The beach landing itself is a beautiful nod at Normandy, and overall, the film is full of little homages to both the action and science fiction genre. The aliens are super-nasty and fast, beautifully visualized as giant rolling balls of metallic tendrils with a vicious head. They mesh perfectly with the world the filmmakers are creating and bring vibrance and color to the otherwise desolate remains of the world.
To counter the computer-generated mayhem, the film has a great cast that roots the experience as a whole. Tom Cruise is playing his fallen-from-grace character with the necessary humility, yet without losing his swagger for too long as his character becomes increasingly familiar and comfortable with his surroundings.
Bill Paxton plays a wonderful parody of a drill sergeant who gets slowly upstaged by Tom Cruise’s character as time goes by. And then there’s Emily Blunt, the big, famous heroine in the film. “The Angel of Verdun,” they call her, or the “Full Metal Bitch,” depending on who you ask. She does a great job, playing the battle-hardened character of Rita, showing both the physical and the emotional toll the war is taking on front line soldiers. but she never loses her humanity and she has faith in Cage every step of the way, creating a cool on-screen team with Tom Cruise for which viewers will root to succeed to the end. The funny moments make her character endearing, but also shows how serious she takes the matter as a whole.
Warner Home Video has prepared to top notch 1080p high definition transfer for the film on this release, offering up a presentation that is without any flaw. It is a reference quality presentation that features incredible image detail and a richness in colors that will remind you why you bought into high definition in the first place.
The DTS 7.1 Master Audio track that accompanies the film is also absolutely bombastic. With a brutal dynamic range and solid frequency response, the track is incredibly aggressive and makes virtually constant use of all surround channels. Dialogues are perfectly integrated and always understandable despite the onscreen mayhem that oftentimes accompanies them.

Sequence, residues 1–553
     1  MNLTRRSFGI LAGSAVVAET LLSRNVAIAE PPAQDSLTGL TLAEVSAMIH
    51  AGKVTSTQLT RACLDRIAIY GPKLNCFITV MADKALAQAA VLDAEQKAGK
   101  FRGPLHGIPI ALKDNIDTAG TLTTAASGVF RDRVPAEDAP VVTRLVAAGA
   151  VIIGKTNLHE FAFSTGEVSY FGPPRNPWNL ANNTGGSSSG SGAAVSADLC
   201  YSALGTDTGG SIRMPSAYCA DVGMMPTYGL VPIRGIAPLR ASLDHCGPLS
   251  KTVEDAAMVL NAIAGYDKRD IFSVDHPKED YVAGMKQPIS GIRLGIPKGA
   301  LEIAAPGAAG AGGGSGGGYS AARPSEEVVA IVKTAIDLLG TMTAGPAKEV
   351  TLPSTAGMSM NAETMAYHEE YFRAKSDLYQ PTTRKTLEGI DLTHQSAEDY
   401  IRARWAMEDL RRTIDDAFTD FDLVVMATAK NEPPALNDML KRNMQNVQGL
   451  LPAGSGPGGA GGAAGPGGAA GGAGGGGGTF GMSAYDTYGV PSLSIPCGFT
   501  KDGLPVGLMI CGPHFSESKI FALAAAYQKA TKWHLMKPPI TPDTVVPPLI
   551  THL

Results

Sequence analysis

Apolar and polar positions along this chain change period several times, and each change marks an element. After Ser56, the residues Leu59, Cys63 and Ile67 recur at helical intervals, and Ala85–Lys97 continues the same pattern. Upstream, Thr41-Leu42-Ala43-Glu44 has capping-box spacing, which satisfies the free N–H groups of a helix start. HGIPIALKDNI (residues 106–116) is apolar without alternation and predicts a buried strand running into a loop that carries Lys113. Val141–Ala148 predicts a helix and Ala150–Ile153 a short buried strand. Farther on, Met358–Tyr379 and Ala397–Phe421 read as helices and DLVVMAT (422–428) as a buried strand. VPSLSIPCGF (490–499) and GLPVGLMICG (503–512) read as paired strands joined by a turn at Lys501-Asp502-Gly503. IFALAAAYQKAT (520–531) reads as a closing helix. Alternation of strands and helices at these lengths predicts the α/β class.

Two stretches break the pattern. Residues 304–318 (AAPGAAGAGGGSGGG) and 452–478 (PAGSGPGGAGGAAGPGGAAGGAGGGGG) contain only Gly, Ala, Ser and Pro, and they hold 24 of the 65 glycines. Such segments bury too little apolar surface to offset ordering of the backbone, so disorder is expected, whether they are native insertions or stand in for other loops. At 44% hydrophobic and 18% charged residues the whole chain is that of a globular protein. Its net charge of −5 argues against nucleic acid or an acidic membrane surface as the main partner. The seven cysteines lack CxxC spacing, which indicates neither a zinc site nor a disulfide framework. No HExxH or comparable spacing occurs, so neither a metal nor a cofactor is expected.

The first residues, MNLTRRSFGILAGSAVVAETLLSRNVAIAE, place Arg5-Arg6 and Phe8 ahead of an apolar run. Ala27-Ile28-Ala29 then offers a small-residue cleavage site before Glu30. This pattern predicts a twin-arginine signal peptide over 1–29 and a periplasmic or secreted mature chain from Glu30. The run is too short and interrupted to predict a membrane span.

A number of extras accompany the release, including over seven minutes worth of deleted scenes. At the heart of the bonus features is the 42-minute making-of featurette “On the Edge with Doug Liman”, however, which takes a close look at the production as a whole. The production design, the casting, the charcaters and development of the story are covered in this piece, as it will give you a really good look behind the scenes, including the preparation the cast went through for their parts.
“Operation Downfall” is a feature that offers up an alternate cut of the drop landing scene in the film, and it is complemented by an 8-minute featurette discussing the challenges and the approach to the scene in the film that harkens back to the history-making Normandy landings during World War II.
In “Weapons of the Future” the filmmakers discuss the exo-suit form the film, as well as the weapons they designed in a bit more details, while “Creatures Not of This World” covers the design of the aliens in the film.
I thoroughly enjoyed “Edge of Tomorrow.” It was a surprisingly solid movie, although there is a huge error in logic in the film’s final scenes. That aside, it was clever and funny in all the right places. It has heart and action to the hilt. You couldn’t ask for more from a movie like this. It did what it tried to achieve with bravado. Make sure to grab this flick on Blu-Ray and let it throw you right into the action. It is truly a thrill ride.